Air-gapped computers that are believed to be the most secure computers on the planet have become a regular target for researchers in recent years.
Air-gap computers are one that are isolated from the Internet or any other computers that are connected to the Internet or external network, so hackers can’t remotely access their contents.
But you need to think again before calling them ‘Safe.’
A team of security researchers from Tel Aviv University and Technion have discovered a new method to steal sensitive data from a target air-gapped computer located in another room.
The team is the same group of researchers who had experimented a number of different methods to extract data from a computer. Last year, the team demonstrated how to extract secret decryption keys from computers using just a radio receiver and a piece of pita bread.
In 2014, the team devised a special digitizer wristband that had the ability to extract the cryptographic key used to secure data stored on a machine just by solely touching the chassis of the computer.
Extracting Secret Decryption Key in Seconds
Now taking its experiment a step further, the team of researchers, including Daniel Genkin, Lev Pachmanov, Itamar Pipman, and Eran Tromer, recently discovered a similar way to extract secret decryption key within seconds, but this time, from an air-gapped machine.
Although hacking air-gapped machines to steal cryptographic keys has been carried out in past, this is the first time when such attack have successfully targeted computer running Elliptic Curve Cryptography (ECC).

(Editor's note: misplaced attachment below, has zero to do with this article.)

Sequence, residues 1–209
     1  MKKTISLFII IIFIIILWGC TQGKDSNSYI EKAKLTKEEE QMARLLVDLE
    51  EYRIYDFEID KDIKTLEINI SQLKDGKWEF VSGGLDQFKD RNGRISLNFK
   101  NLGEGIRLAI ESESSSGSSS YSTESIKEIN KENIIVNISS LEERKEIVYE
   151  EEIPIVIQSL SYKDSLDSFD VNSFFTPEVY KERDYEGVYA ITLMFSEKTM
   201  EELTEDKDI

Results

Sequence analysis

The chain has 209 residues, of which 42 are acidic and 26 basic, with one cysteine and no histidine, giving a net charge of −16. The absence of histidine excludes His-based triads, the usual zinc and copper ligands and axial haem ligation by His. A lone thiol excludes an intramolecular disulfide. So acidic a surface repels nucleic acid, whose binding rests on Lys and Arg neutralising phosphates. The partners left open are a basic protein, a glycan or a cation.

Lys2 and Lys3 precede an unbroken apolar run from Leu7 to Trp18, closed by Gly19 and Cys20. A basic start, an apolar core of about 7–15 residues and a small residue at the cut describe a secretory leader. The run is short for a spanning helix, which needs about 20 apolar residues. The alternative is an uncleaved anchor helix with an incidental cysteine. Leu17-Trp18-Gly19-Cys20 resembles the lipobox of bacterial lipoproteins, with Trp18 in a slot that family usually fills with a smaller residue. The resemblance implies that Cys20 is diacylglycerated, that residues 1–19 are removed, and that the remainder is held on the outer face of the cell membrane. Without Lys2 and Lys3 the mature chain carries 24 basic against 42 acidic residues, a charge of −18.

Elliptic Curve Cryptography is a robust key exchange algorithm that is most widely used in everything from securing websites to messages with Transport Layer Security (TLS).
How Does the Method Work?
Researchers used a method known as Side-Channel Attack: An attack that extracts the secret cryptographic key from a system by analyzing the pattern of memory utilization or the electromagnetic outputs of the PC that are emitted during the decryption process.
"By measuring the target’s electromagnetic emanations, the attack extracts the secret decryption key within seconds, from a target located in an adjacent room across a wall," reads the recently published paper [PDF].
Specifically, the team obtained the private key from a laptop running the popular implementation of OpenPGP, GnuPG. However, the developers of GnuPG have since rolled out countermeasures to this method, making GnuPG more resistant to side-channel attack.
The equipment used in the experiment hack included:
A software-defined radio
During the experiment hack, the researchers first sent the target laptop a specific ciphertext (an encrypted message).
Now, during the decryption of the chosen ciphertext, the researchers measured the EM leakage of the laptop, "focusing on a narrow frequency band."
The signal was then processed, and a clear trace was produced, revealing the information about the operands used in the ECC, which in turn revealed the secret key.
This experiment was being carried out through a 15-centimeter thick wall, reinforced with metal studs, according to the researchers.
"The experiment…was conducted using a Lenovo 3000 N200 laptops, which exhibit a particularly clear signal," the paper reads. "The attacks are completely non-intrusive: we didn’t modify the targets or open their chassis."
The security researchers successfully extracted the secret key after observing around 66 decryption processes, each lasting about 0.05 seconds, resulting in a total measurement time* of about 3.3 secs.
Future challenges for researchers include the challenges of non-chosen ciphertext attacks and attacking other cryptographic primitives (such as symmetric encryption). Moreover, minimizing the number of decryption operations in order to extract the secret key.
The team will present its work at the upcoming RSA Conference on March 3. To know in-depth explanation with technical details about the attack, we recommend you read the research paper [PDF].
*Note: When the team says the secret key was obtained in ‘seconds’, it is the total measurement time, and not how long the time would take for the attack to actually be carried out.